isabel losada



We talk to Battersea-based writer Isabel Losada about her new book The Joyful Environmentalist, which shows us how we can all make a positive difference to the planet…

Most people know the severity of climate change but many are wondering how they can make a meaningful difference. In The Joyful Environmentalist, Isabel Losada puts forward ways we can make a change in every aspect of our lives. They are all small steps but together can bring about a significant impact. What’s more, unlike the many serious tomes on the topic, the book makes a difficult, and often technical subject, accessible and fun to read, never straying from Isabel’s mission to keep it ‘joyful’.

Says Isabel: “The book suggests all the joyful alternatives to the ways we have become used to doing things that will help the planet. It is a whole life overhaul. For example, we can make a difference by exploring alternatives to car ownership such as joining a car club or swopping the car for a cargo bike. A friend of mine bought a cargo bike which she cycles her kids to school in. The kids (and her dog) love riding in it and it’s helped her lose weight and alleviate her depression. Unless you need a car as you live in a remote area or have a medical condition that means you rely on one, you can do without. On the rare occasion I need a car, I rent a Zipcar.”

She encourages us to reconsider how much we buy: “We have reached ‘peak stuff’. If you’d like to buy a present, look at second hand and vintage shops.” The way we bank comes under scrutiny in The Joyful Environmentalist. Isabel writes to her High Street bank, which is criticised by environmentalists for funding fossil fuel companies and is shocked when they confirm that their lending investment portfolio isn’t in the public domain. Isabel consults ’The Ethical Consumer Magazine’ and moves her account to the bank that is considered the most ethical in the UK, Triodos Bank. “Now I know that my bank isn’t funding new drilling in the oil industry, the arms industry, vivisection or anything else that I wouldn’t want to support.”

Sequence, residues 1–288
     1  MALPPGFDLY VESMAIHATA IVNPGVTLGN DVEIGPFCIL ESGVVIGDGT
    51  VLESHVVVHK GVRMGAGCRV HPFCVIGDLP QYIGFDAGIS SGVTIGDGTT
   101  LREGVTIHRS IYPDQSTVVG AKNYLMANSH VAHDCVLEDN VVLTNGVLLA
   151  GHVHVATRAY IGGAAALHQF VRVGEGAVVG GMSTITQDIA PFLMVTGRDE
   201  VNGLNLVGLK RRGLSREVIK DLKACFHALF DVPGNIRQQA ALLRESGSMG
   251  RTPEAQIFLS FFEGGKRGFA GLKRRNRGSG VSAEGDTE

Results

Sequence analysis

Isabel also explores how we buy our food. The book contains an interview with Guy Watson, the founder of Riverford. “One thing that people all across the political spectrum agree on is that we need to buy food grown in the UK. I would add that we need to buy organic food as it’s better for the earth, better for biodiversity and better for our health.” Having organic food delivered can be more expensive but not necessarily. Isabel says: “My housemate and I always choose the cheaper vegetables that are in season and as we are both vegan and prepare food at home our food bills are low. The delivery is packaging free and there are no payments to supermarkets – you are paying the farmers directly.”

In the book, she asks whether we should be ‘a little bit activist’. “What I mean is finding forms of activism that work for you. Some may feel that they want to join the forms of action that environmentalists are creating to plead with our government to take better care of the planet. Some may prefer to volunteer locally.” Friends of Wandsworth Common and Thames 21 are two local initiatives that Isabel recommends. “Being ‘a little bit activist’ is about taking action – not doing nothing. I’m a great believer that actions we take do make a difference. They add up. And support some of the humans who are doing work you believe in. It doesn’t matter if it’s Client Earth, The Fossil Fuel non-proliferation treaty or The RSPB.”

When so much about environmentalism seems hard to grasp, Isabel is winning much praise for her approach to making it accessible and showing us what we can all do. As Dr Rowan Williams put it: “Perhaps the most important message any environmentalist can give at the moment is that green options are neither just a last desperate hope for saving the planet, nor misery maximisers that will make life less worth living. This book will keep that positive message before the reader’s eyes. Joy is after all one of the best motivations we can have for change.”